Here are five ways to banish bothersome aphids—without resorting to pesticides for pest control!
When it comes to growing, well, just about anything, there’s one pest that raises its head time and again—the ever-present aphid!
What Are Aphids?
Aphids are small, soft-bodied insects less than a tenth of an inch long. They come in several colors including white, gray, green and black. Look for aphids on new shoots, on buds, along stems or under leaves. They are usually found in groups. Some may have wings, which is a sign that the colony is about to move on to new plants. Wooly aphids surround themselves in a mass of white, wooly wax on tree branches.
Why Are Aphids Pests?
Aphids feed on plant juices. This weakens the plant, resulting in slow and stunted growth. Leaves may become curled, mottled, or yellow. A heavy infestation may kill the plant. Some aphids also transmit harmful plant diseases.
Natural Aphid Control
1. Squash by hand
Check plants regularly for signs of aphids, and squash any you find by hand. Clusters of aphids at the tips of shoots may be snipped off in their entirety and destroyed. Pinch out the tips of fava beans once the first pods appear to make the plants less enticing to black bean aphids.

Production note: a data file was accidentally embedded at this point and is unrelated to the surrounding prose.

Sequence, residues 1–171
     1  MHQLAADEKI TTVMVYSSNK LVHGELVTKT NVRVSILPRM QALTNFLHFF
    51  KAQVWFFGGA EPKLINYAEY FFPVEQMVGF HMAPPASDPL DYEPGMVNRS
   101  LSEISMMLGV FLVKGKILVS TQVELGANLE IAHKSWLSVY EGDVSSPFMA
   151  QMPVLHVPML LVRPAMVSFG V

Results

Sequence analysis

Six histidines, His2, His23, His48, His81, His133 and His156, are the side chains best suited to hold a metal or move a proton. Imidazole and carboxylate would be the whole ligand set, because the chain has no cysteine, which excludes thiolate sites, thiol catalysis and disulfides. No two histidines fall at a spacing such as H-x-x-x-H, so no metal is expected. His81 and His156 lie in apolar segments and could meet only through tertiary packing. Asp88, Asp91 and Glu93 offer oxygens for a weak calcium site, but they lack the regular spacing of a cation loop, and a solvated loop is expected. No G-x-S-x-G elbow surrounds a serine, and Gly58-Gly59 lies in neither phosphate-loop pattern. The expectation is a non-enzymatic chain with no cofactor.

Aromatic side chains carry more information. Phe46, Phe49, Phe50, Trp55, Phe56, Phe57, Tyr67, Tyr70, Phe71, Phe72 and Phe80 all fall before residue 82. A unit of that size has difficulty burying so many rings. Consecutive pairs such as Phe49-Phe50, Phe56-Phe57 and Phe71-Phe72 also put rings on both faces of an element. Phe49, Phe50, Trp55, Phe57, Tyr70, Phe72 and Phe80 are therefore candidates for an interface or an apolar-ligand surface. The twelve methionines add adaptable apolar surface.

2. Blast off
Blast small infestations of aphids off your plants with a jet of water from a hose. Adjust the nozzle or cover the end of the pipe with your finger to force the water out at higher pressure.
3. Spray soapy water
Try spraying infected plants with soapy water. Add a couple of drops of washing up liquid to a spray bottle full of water. Spray the solution all over the plant, including the undersides of leaves. The soapy water will trap and suffocate the aphids.
4. Cover up
Plant diseases such as cucumber mosaic virus can quickly be spread by winged aphids. Cover susceptible plants such as cucumber, spinach and celery with row covers in midsummer, when the risk of this disease is highest.
5. Attract aphid predators
Ladybugs (especially their larvae) have a hearty appetite for aphids. Hoverfly larvae, lacewings and many types of tiny parasitic wasp will also feast on aphids.
You can attract these beneficial insects to your garden by planting flowers and herbs such as poached egg plant, marigolds, calendula, dill, fennel, parsley, thyme and mint close to your vegetables.
Got bugs? We’d love you to take part in The Big Bug Hunt, an international research project which aims to track the spread of all bugs, with the aim of developing a pest early warning system for gardeners. Visit the website and report any bugs you find in your garden.
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